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Last edited by AaronJ on Mon May 14, 2007 2:58 pm, edited 1 time in total.

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PostPosted: Mon May 14, 2007 7:36 am 
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Old Mother Goose
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That's great AJ..it's suggestions like these that help people decide how they are going to make their own. You've pointed out some good points.
With ours (i've got to take a picture) the end is closed off a bit as our weather down here can jump to three of four different changes in one day. We lift the back lid and pop a board over the door to catch the chooks if we need to. It used to be our rabbit hutch but she died so now I have my pekins in it. But it's too heavy to move and has to have a car axle to drive it I reckon..LOL
Keep them coming guys..

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PostPosted: Mon May 14, 2007 7:04 pm 
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Champion Bird
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My daughter and I built a Linda Woodrow (Permaculture in the Home Garden) designed mobile chook dome which housed our chooks for about a year. We eventually discarded it and moved them to a permanent house. The advantages of the dome were that it fitted our vegie beds so, when moved around the vegie garden mandala, the chooks ate left over crops, de-bugged, fertilised and de-weeded, scratched the soil over and thoroughly prepared it for the next planting. This resulted in some terrific crops. It was also a lovely place to be on a balmy day, with green food and bugs always available. Plus the dome was frequently moved to clean ground, avoiding a build up of manure and parasites. (Our chooks also free ranged, so they weren't confined to the dome.) Unfortunately the disadvantages outweighed the pluses for us: very heavy and unwieldy to move and required two strong people, plus lots of time unfastening the pegs which held down the "skirt" around the edges (a predator safety precaution), the dome is very exposed to weather down low where the chooks are...rain comes in around the edges, sun beats down if not in the shade, wind whistles through the wire mesh. To protect the chooks at night I used to hang tarps/blankets around - very laborious and I was always worried about them being too hot/too cold. I now use the dome (minus tarps and roost and skirt) as a frame over seedling beds to keep out birds. (It's much lighter without the chook paraphernalia). Now the chooks are safe and warm, protected from wind and rain, and they still roam the garden all day in fine weather. Judy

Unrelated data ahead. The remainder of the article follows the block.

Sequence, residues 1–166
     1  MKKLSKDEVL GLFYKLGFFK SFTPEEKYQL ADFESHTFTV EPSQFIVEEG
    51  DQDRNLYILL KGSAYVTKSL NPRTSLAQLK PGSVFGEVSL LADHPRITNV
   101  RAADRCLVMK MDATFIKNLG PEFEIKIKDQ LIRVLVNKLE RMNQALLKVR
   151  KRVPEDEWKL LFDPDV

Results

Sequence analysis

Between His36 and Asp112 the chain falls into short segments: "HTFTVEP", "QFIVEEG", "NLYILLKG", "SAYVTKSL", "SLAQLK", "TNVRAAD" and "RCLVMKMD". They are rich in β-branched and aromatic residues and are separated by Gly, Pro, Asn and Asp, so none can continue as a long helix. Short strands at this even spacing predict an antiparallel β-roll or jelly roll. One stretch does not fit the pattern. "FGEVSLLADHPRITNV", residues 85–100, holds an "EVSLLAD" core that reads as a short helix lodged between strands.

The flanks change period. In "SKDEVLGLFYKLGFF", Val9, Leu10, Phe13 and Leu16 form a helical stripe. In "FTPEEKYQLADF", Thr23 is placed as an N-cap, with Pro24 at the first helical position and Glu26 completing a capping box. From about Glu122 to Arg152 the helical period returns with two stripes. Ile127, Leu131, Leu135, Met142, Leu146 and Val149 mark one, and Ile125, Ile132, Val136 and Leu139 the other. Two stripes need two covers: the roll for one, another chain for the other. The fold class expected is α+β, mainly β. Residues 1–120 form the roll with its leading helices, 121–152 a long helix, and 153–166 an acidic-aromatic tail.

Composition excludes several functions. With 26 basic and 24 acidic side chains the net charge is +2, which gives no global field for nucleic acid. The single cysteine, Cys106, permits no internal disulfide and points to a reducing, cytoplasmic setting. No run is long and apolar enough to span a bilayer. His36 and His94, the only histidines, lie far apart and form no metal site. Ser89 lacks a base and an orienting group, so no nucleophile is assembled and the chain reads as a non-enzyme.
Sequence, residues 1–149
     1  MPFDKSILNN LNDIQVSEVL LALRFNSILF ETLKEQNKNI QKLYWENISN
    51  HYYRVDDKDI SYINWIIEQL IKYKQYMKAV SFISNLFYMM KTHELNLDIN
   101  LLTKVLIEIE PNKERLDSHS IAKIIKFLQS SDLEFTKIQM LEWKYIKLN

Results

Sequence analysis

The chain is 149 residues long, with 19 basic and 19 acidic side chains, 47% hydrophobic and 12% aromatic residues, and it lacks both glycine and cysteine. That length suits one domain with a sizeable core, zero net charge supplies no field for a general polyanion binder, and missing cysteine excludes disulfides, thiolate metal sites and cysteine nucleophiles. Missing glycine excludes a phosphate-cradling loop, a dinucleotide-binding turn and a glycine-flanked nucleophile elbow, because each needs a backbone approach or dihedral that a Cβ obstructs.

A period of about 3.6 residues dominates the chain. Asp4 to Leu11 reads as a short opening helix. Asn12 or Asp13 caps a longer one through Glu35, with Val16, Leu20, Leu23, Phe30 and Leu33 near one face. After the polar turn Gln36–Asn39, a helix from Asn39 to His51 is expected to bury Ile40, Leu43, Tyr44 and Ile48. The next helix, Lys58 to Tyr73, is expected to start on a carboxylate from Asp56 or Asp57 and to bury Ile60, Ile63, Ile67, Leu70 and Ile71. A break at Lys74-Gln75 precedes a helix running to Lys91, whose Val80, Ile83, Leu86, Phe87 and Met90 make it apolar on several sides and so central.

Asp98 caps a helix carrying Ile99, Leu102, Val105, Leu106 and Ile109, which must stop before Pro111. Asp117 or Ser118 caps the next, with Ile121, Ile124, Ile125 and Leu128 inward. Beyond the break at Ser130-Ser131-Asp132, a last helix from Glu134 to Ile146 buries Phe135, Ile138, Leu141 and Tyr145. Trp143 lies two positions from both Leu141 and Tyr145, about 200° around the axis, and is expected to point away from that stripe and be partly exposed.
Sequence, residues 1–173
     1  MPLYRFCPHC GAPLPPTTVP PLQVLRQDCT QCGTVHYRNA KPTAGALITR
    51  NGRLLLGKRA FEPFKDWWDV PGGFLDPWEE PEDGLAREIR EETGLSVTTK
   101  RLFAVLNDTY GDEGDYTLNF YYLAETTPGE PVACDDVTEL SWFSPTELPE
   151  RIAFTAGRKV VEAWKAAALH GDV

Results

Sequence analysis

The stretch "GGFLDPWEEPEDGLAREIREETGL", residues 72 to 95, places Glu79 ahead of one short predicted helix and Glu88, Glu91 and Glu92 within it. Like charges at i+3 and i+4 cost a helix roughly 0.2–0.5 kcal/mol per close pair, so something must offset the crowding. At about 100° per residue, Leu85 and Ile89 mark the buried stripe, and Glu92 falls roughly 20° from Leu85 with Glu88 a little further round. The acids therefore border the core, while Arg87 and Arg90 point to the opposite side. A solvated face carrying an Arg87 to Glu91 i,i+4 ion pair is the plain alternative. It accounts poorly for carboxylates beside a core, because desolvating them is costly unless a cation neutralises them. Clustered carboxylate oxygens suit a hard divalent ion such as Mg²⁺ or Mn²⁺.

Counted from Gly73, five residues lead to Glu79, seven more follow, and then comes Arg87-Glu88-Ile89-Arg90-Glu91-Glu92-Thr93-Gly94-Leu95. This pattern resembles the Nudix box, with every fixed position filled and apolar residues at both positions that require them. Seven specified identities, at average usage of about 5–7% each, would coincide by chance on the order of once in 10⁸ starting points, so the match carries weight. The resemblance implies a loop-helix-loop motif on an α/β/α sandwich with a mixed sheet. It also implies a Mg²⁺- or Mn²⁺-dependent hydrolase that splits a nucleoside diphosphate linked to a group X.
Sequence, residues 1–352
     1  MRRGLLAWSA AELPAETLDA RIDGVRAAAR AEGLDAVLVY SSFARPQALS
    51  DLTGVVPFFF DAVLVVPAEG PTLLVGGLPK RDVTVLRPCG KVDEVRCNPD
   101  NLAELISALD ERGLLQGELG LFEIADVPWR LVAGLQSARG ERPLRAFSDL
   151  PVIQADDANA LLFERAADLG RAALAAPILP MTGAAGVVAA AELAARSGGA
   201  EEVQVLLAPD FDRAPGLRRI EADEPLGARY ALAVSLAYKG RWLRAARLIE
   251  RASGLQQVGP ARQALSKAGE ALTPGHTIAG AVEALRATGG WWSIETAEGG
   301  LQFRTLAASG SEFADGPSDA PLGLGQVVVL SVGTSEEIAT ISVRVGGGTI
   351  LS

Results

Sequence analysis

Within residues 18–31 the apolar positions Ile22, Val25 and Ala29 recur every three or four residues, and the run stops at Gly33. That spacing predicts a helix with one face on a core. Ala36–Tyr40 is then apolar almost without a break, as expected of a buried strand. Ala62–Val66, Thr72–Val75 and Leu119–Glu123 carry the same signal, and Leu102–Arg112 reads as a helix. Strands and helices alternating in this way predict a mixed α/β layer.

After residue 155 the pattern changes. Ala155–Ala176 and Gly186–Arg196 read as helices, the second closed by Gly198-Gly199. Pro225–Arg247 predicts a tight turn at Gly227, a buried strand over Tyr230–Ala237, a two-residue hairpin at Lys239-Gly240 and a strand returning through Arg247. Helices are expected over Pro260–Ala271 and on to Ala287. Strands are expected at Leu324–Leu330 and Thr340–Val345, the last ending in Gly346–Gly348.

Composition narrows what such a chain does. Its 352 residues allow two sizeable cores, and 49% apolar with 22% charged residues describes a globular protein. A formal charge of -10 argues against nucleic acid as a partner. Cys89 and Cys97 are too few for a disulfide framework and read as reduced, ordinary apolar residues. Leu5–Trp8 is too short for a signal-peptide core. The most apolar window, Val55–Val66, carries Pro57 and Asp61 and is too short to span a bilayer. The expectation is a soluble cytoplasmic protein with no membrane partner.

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PostPosted: Mon May 14, 2007 8:14 pm 
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Old Mother Goose
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Hi Judy,